Sandro Botticelli
Last Communion of St Jerome
1490s
tempera on panel
Metropolitan Museum of Art, New York

Sandro Botticelli
Madonna and Child with St John the Baptist and St John the Evangelist
(Bardi Altarpiece)
ca. 1484-85
oil on panel
Gemäldegalerie, Berlin

"Though Savonarola was medieval in his outlook, he lived surrounded by the worldliness of the Renaissance, and he was therefore impelled, unlike the writers of the Middle Ages, to attack the sinful kinds of painting put into churches in his time.  Since painting is such a powerful weapon for good or evil by its effects on the spectator, all indecent or mundane pictures must be taken from churches.  Savonarola makes, however, an interesting addition to this demand.  He wishes all paintings to be removed which by their incompetence may arouse the laughter of those who see them.  'Indecent figures must first be taken away, and then no composition should be allowed which arouses laughter by its mediocrity.  In churches only the greatest artists should be allowed to paint, and they should only paint decent subjects.'  Savonarola was therefore far from being indifferent to artistic qualities, and the view expressed in this passage is in almost exact agreement with the opinion of Michelangelo reported by Hollanda."

– passages on Savonarola are by Anthony Blunt, from Artistic Theory in Italy, 1450-1600 (Oxford: Clarendon Press, 1940)

Andrea del Verrocchio
Madonna and Child
before 1488
oil on panel
Gemäldegalerie, Berlin

Antoniazzo Romano
Madonna and Child with Donor
1480
tempera on panel
Museum of Fine Arts, Houston

Fra Bartolomeo
Madonna and Child (tondo)
1490s
oil on panel
private collection

Sunday, August 20, 2017

Drawings from Rome

Giovanni Francesco Penni
Madonna and Child in Glory with Saint
ca. 1514-20
drawing
Teylers Museum, Haarlem

Domenico Campagnola
Temple of Vesta, Rome
ca. 1530-60
drawing
Teylers Museum, Haarlem

Anonymous Roman artist after Michelangelo
Right arm, with head study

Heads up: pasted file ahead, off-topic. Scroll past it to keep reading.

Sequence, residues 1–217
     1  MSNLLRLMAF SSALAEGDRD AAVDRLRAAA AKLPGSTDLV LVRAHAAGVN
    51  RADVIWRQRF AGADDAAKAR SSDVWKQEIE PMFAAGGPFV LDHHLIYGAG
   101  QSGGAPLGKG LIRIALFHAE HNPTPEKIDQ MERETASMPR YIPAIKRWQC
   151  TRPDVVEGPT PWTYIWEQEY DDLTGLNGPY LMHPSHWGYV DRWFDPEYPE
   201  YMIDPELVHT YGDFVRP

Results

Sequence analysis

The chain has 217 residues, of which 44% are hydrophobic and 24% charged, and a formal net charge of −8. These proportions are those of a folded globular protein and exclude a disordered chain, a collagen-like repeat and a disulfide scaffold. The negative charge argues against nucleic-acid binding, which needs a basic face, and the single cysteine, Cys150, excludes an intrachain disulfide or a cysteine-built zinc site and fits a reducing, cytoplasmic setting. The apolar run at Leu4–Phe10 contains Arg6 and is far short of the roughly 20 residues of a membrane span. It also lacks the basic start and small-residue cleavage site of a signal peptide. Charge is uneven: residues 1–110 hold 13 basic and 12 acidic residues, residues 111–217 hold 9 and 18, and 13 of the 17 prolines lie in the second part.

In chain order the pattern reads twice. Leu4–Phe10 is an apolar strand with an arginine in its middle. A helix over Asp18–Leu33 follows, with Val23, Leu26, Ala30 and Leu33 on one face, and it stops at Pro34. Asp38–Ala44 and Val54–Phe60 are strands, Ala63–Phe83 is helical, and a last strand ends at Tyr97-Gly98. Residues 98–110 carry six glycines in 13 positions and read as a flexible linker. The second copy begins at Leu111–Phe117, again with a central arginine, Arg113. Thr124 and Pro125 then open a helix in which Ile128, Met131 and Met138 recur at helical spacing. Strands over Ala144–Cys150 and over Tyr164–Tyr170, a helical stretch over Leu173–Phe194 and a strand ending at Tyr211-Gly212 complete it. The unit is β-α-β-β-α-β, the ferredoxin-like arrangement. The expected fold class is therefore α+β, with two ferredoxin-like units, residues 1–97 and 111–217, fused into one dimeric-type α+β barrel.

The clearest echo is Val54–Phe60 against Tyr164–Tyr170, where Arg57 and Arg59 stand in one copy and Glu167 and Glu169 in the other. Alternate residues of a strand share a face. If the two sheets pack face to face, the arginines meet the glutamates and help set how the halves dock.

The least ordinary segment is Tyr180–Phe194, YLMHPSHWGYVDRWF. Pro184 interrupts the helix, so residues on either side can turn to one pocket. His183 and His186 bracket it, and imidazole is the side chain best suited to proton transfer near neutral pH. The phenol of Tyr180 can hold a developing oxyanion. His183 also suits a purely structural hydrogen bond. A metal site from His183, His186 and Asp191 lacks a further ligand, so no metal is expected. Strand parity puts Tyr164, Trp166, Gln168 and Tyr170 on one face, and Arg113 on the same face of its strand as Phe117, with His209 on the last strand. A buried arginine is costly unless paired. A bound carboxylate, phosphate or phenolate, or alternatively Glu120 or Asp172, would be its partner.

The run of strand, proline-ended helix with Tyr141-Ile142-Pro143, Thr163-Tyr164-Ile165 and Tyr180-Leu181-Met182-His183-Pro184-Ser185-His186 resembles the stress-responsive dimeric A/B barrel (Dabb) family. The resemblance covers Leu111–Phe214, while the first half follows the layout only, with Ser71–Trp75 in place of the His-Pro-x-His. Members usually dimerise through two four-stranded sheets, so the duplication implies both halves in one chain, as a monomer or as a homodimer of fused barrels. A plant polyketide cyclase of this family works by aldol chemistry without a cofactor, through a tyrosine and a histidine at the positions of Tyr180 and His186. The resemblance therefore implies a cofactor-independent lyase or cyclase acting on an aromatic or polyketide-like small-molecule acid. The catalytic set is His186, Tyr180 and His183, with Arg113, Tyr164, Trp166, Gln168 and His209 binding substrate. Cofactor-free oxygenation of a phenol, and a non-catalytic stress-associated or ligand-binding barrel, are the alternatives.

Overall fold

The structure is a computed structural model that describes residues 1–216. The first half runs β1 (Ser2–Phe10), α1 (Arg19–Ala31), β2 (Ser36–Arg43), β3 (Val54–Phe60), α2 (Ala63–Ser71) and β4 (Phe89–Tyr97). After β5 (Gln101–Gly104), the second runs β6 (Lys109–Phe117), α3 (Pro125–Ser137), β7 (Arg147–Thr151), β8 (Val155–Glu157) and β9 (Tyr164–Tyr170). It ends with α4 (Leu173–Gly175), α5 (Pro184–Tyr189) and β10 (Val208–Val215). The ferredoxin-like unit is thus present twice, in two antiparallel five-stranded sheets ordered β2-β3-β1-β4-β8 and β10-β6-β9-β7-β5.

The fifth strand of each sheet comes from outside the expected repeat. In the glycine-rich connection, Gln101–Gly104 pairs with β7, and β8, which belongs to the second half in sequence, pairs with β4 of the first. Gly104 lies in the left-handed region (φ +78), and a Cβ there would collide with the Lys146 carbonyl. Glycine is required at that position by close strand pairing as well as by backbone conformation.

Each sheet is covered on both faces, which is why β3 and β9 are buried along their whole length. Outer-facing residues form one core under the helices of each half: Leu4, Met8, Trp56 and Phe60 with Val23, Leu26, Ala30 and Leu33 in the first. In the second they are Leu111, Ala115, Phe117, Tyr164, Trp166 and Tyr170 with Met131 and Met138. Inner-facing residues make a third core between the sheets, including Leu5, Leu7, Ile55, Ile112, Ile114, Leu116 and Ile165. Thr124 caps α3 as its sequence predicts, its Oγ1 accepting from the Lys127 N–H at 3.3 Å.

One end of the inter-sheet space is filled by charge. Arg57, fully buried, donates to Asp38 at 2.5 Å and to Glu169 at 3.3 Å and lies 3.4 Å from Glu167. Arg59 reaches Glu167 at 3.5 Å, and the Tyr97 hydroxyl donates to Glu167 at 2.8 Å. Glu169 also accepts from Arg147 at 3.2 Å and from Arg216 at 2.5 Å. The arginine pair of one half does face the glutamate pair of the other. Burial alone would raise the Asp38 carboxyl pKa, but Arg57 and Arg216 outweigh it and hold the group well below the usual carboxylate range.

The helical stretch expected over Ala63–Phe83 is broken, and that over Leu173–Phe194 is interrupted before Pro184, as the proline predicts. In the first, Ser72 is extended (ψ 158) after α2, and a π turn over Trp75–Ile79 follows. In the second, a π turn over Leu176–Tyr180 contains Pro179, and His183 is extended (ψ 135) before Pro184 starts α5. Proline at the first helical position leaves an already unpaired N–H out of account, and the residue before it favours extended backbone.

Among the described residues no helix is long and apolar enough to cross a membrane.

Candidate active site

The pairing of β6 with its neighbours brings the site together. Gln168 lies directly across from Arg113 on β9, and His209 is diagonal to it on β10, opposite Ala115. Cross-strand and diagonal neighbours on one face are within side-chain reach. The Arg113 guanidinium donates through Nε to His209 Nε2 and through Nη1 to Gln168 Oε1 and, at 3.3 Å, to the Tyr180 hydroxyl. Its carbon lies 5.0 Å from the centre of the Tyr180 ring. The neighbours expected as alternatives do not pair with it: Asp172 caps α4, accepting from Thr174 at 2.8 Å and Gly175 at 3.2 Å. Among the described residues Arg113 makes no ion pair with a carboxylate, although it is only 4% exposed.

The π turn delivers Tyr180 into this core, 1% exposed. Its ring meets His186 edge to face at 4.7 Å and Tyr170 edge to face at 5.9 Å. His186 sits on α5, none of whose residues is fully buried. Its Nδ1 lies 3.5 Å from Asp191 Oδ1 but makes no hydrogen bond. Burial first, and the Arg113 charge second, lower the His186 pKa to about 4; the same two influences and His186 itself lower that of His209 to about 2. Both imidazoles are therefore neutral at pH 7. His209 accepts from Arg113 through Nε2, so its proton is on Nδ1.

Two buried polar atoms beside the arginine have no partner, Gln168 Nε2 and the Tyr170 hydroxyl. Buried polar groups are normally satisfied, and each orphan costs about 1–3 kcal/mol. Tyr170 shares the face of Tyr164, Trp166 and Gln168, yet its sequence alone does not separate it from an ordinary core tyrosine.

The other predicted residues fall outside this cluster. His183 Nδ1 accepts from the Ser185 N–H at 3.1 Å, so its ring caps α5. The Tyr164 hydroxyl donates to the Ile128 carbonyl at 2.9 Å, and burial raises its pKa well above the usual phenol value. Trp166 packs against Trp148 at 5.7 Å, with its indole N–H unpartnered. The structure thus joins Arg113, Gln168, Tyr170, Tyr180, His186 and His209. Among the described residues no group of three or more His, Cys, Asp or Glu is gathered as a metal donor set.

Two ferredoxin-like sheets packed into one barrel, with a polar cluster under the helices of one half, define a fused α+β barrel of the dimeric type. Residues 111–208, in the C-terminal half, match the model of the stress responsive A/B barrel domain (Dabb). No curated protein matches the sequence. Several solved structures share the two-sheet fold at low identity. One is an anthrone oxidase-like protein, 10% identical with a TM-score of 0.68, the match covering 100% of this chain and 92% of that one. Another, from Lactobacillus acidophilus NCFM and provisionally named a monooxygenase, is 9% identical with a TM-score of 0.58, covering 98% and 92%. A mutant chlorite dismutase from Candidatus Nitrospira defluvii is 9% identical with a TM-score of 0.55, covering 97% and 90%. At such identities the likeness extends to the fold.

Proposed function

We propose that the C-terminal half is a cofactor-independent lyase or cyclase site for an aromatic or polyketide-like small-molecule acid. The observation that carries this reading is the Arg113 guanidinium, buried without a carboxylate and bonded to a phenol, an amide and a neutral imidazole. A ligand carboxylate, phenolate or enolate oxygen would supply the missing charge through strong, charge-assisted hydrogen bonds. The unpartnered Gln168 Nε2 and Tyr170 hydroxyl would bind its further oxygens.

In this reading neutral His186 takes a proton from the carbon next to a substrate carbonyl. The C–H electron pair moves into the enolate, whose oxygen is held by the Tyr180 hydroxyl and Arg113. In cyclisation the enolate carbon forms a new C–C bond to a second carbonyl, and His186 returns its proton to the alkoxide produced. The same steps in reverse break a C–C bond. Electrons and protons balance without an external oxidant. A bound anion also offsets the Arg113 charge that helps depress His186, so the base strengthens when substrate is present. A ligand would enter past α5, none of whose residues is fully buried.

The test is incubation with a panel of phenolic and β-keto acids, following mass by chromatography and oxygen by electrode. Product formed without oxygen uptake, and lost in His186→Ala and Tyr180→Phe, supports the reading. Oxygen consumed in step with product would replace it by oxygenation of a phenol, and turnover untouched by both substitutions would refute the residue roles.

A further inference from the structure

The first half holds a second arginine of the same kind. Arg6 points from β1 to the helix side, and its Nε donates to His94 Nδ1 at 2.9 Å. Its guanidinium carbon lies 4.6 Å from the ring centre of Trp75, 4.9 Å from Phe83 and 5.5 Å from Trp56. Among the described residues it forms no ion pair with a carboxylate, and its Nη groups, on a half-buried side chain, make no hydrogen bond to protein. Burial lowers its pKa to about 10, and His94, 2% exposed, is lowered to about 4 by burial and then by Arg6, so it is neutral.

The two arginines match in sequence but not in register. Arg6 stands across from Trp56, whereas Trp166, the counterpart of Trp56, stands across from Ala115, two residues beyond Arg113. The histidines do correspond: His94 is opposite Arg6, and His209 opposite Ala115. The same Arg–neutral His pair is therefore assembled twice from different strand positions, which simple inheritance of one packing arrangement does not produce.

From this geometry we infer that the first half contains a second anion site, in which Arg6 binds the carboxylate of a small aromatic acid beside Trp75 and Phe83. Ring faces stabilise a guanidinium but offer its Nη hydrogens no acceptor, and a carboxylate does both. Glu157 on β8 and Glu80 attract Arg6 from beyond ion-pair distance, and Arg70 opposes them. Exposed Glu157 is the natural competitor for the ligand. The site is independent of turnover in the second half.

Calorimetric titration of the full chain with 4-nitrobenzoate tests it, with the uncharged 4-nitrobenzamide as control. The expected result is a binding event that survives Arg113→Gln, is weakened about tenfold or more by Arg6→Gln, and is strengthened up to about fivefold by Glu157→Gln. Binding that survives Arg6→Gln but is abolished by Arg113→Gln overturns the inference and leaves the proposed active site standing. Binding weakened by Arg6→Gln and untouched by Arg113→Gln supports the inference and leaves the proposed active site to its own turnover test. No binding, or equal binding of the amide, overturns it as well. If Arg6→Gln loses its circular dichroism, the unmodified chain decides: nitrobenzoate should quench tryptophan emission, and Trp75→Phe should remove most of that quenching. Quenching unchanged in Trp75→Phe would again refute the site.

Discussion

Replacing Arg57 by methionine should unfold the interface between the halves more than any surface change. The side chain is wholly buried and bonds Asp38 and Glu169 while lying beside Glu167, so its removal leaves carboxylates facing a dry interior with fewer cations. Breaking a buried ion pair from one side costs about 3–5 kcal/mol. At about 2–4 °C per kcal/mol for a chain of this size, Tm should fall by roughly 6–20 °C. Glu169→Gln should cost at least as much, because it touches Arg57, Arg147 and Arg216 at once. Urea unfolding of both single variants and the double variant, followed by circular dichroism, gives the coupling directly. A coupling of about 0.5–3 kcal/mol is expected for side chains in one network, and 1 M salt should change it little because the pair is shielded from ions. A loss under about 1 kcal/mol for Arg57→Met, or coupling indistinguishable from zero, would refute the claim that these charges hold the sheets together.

ca. 1550-1600
drawing
Teylers Museum, Haarlem

Marco Marchetti
Roman General receiving tribute from Barbarians
before 1588
drawing
Royal Collection, Windsor

A QUINCE PRESERVED THROUGH THE WINTER, GIVEN TO A LADY

I'm a quince, saved over from last year, still fresh,
               my skin young, not spotted or wrinkled, downy as the new-born,
as though I were still among my leaves. Seldom
               does winter yield such gifts, but for you, my queen,
even the snows and frosts bear harvests like this.

 an epigram by Antiphilus of Byzantium, from the Palatine Anthology, translated by W.S. Merwin

Federico Zuccaro
Demons in grotesque attitudes
before 1609
drawing
Royal Collection, Windsor

Andrea Sacchi
St Anthony of Padua raising man from the dead
ca. 1632-33
drawing for altarpiece
British Museum

ON THEODOROS

Someone is glad that I, Theodoros, am dead
Another will be glad when that someone is dead
We are all in arrears to death

 an epigram by Simonides (ca. 556-466 BC), translated by Peter Jay

Claude Lorrain
View of the Tiber at Rome
ca. 1635-40
wash drawing
Nelson Atkins Museum of Art, Kansas City

Anonymous Roman artist
Figure astride clouds, di sotto in su
ca. 1640-80
drawing
Teylers Museum, Haarlem

ACHILLES GIVES THE BODY OF HECTOR TO PRIAM

Then Achilles called the serving-women out:
"Bathe and anoint the body 
bear it aside first. Priam must not see his son."
He feared that, overwhelmed by the sight of Hector,
wild with grief, Priam might let his anger flare
and Achilles might fly into fresh rage himself,
cut the old man down and break the laws of Zeus.
So when the maids had bathed and anointed the body
sleek with olive oil and wrapped it round and round
in a braided battle-shirt and handsome battle-cape,
then Achilles lifted Hector up in his own arms
and laid him down on a bier, and comrades helped him
raise the bier and body on to the sturdy wagon . . .
Then with a groan he called his dear friend by name:
"Feel no anger at me, Patroclus, if you learn 
even in the House of Death – I let his father
have Prince Hector back."

 from the Iliad of Homer (book 24), translated by Robert Fagles

Giuseppe Belloni
Constantine the Great commissions Basilica of S. Giovanni in Laterano
ca. 1656-76
drawing
Museum Kunstpalast, Düsseldorf

Giovanni Battista Gaulli
St Augustine's vision of the Trinity
before 1689
drawing for engraving
British Museum

Luigi Garzi
Minerva descending with her aegis to protect Arts and Sciences from Time
before 1721
drawing for ceiling fresco
British Museum

Jacob Frey after Carlo Maratti
Drawing Academy 
1728
engraving (after Carlo Maratti drawing)
Royal Collection, Windsor

Luigi Vanvitelli
Design for a marble throne for statue of St Peter at the Vatican
1754
drawing
Cooper Hewitt, Smithsonian Design Museum

Jean-Baptiste Lallemand
Piazza del Popolo, Rome
ca. 1754
drawing
Cooper Hewitt, Smithsonian Design Museum